3. Be the best writer you know how to be. Show a confident front, says Sims. Even if you don’t feel secure, put on a brave smile. Fake it until you make it, as they say. Then go out and be the best writer you know how to be. Don’t worry about what the other writers are doing with their work. Focus on your own craft. Smile and keep working.

Envy and its ugly cousin jealousy are bound to show up in your writing life. That’s normal. When they do, recognize them for what they are – signs that it’s time to refocus your energy on improving your own writing practice. Observe what the object of your envy is doing. Maybe you can learn from their example. Then use the benign energy of envy to motivate yourself to work differently.

Once you embrace envy as part of the writing process, those periods of envy will shrink so you don’t notice them anymore.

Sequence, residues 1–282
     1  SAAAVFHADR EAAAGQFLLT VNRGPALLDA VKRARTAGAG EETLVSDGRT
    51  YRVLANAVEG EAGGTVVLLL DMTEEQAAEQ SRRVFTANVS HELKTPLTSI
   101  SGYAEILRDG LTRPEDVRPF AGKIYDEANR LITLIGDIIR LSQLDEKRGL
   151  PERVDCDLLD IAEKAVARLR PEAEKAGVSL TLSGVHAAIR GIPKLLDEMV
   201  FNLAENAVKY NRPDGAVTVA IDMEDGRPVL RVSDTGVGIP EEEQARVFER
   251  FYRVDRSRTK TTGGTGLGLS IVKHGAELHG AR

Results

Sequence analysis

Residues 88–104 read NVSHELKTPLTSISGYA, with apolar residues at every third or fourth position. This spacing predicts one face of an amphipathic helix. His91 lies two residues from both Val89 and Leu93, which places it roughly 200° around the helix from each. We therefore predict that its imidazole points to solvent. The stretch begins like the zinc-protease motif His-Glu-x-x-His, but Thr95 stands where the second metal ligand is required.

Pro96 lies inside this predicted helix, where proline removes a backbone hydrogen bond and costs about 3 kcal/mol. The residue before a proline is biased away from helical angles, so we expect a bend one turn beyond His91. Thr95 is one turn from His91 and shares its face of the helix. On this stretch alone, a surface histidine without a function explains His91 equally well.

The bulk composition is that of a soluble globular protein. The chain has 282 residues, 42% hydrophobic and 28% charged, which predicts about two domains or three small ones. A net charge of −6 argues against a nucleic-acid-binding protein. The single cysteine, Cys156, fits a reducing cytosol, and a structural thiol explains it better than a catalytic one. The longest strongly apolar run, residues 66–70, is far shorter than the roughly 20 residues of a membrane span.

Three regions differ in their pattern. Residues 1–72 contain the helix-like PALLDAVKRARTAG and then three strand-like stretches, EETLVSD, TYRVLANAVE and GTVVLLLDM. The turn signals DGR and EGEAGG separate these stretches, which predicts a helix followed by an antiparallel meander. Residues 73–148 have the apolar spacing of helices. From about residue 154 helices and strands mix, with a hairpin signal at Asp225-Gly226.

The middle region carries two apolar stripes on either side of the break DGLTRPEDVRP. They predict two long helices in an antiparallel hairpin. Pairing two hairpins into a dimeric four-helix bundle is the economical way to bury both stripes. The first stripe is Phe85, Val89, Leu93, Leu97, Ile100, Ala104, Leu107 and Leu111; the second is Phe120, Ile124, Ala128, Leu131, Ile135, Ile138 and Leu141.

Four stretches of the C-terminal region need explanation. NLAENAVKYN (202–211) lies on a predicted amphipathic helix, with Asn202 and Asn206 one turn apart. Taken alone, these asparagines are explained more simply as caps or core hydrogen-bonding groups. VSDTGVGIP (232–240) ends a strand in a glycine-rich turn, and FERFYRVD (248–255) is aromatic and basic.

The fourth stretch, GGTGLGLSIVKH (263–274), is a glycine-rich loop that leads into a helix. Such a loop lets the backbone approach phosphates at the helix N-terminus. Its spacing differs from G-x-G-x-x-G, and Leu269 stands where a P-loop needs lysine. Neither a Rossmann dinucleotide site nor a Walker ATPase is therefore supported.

12 Ways Reading Every Day Can Improve Your Life

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February’s theme is “For the Love of Books”

Over the past few weeks, I’ve written about our collective love of books – from finding books on a budget and downsizing a book collection, to honoring our libraries and independent bookstores and showcasing the best resources for book clubs.

The good news – perhaps the best news – is that books are alive and well, thank you very much. It doesn’t matter if you read books with an E-reader or the traditional print version, reading is more popular than ever. One wonders what any of us would do if we did not have books to read.

Much has been written about the benefits of reading, including scores of scientific evidence of its neurological and physiological benefits. Studies find that reading just 10 or 15 minutes a day can alter your brain’s functioning power.